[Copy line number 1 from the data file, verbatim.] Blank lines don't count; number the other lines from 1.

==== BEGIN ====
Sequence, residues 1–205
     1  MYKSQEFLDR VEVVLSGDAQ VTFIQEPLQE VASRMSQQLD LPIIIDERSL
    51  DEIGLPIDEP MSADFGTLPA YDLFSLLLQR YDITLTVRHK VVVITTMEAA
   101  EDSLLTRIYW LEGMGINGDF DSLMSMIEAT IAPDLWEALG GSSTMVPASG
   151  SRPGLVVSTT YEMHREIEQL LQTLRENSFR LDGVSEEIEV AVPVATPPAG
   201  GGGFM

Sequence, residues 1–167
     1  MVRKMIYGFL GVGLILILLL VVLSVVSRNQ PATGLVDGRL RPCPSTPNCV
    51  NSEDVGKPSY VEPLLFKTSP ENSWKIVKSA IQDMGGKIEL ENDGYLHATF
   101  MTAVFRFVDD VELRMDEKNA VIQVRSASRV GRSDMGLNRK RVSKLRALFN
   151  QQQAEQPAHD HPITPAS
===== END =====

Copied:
Sequence, residues 1–205